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What Are The 8 Limbs of Yoga Really About? How to Bring the Patanjali to Daily Life

November 25, 2014 by Francesca Baker 

By Francesca Baker When we discuss yoga and the eight limbs of the Yoga Sutra, the Patanjali, we may consider them to abstract principles, confined only to the mat and practice. But yoga is a way of life that should infuse all areas of our life. It is not always easy to engage with practice and connect with the principles and ideas involved, but here are some ideas to bring the Patanjali to the every day.

Yama – ethical relationship with society

Simple ways to act the principle of yama include recycling, volunteering, or even smiling at those around us. If we act in a nice and supportive way to the people and places around us, and conduct ourselves with a level of gratitude for our environment we will feel more connected and grounded in our dealings with the world.

Niyama – moral relationship with self

We all know what is right and wrong, for ourselves and according to our own rules. Your own moral code and conscience is an unwaverable guide as to the correct way to act. This does not just apply to how you act in social situation - as well as treating others as you would like to be treated, it is important to treat yourself as you would treat others. If you believe that it is important not to lie, then don’t lie.

Asana – steady posture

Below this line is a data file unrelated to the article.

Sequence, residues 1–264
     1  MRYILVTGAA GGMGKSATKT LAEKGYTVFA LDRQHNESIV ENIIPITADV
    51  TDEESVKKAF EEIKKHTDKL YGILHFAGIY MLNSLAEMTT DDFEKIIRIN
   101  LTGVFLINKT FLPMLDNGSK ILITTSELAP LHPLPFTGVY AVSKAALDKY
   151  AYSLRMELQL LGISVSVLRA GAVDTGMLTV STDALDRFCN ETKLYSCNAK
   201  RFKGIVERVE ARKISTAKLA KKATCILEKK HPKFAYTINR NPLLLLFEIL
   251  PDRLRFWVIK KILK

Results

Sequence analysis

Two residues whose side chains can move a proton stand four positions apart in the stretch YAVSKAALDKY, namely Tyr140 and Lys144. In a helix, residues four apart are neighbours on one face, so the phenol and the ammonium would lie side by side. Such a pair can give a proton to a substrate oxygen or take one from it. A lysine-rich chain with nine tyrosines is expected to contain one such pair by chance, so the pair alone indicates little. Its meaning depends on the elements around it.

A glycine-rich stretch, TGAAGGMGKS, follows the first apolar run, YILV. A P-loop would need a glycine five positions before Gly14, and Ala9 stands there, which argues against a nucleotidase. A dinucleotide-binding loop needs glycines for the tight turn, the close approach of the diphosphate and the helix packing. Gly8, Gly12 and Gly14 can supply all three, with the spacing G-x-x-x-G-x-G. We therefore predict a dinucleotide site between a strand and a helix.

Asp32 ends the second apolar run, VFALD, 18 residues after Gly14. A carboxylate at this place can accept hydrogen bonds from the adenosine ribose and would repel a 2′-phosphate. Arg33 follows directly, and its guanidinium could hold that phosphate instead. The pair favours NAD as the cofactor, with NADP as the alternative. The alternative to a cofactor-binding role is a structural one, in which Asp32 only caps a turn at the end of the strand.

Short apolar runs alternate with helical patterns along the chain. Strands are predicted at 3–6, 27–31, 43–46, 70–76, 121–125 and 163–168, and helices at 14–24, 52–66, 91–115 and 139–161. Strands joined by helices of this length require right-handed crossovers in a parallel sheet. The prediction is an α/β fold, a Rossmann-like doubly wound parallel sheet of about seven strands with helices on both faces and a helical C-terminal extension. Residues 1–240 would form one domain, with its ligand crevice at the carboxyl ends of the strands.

‘If you can keep your head…’ said Rudyard Kipling. He may not have been talking about the downward dog or have been over familiar with yoga (although was certainly well travelled around the Far East and Asia) but the attitude is one that can be encompassed in the principle of asana. Keep focused and steady, living according to your own values, and do not be shaken from them by the whims and fancies of other people. Listen to your wants and coulds, not the shoulds of other people.

Pranayama – control of vital energy

Direct your energy to positive feelings and actions that multiply and build on the good in the world, rather than take from it. There is too much negativity and ill feeling as it is. Remember the wisdom that ‘whatever you feed will grow.’ Keep feeding the bad stuff, and it will come back even stronger. But nurture the good, and goodness will thrive. Every night write down three things about your day that you have appreciated – keep feeding that positivity.

Pratyahara – ability to draw attention inward, away from sense

We are bombarded by external stimulation, and whilst being attuned to the senses is an important skill to cultivate and way to connect with the world, it is also necessary to take a step within, and focus ones thoughts on the self. This might be just five minutes a day when you consider your own thoughts. Try it whilst in the bath.

Dhrana – concentrating the mind

Focus is not always easy, especially in our busy and chaotic world. Concentrate on the one or two things that are important to you. If today you absolutely must get your taxes in order, then make sure you do that. If you have a weekend off and are looking forward to spending time with the kids, but also realise that there are plenty of household chores to be done, concentrate your focus on the thing most important to you. If you’ve laughed and played all weekend, but the washing up still is not done by Sunday evening, who cares – you have focused on your dhrana.

Dhyana – meditation

Meditation is one I find very difficult – but the prinviple is easy. Just be. Focus your mind on the experience of being. Living. That one moment. And the next. And the next. Oh look, my finger wiggles. The bird flies. See how that picture curls at the edge. My breath rises. And falls. Simple. When your mind drifts, come back to it.

Samadhi – the enlightened state

Well, if I had the answer to that I probably wouldn’t be doing this. Unless blogging for om exchange is the supreme embodiment of enlightenment?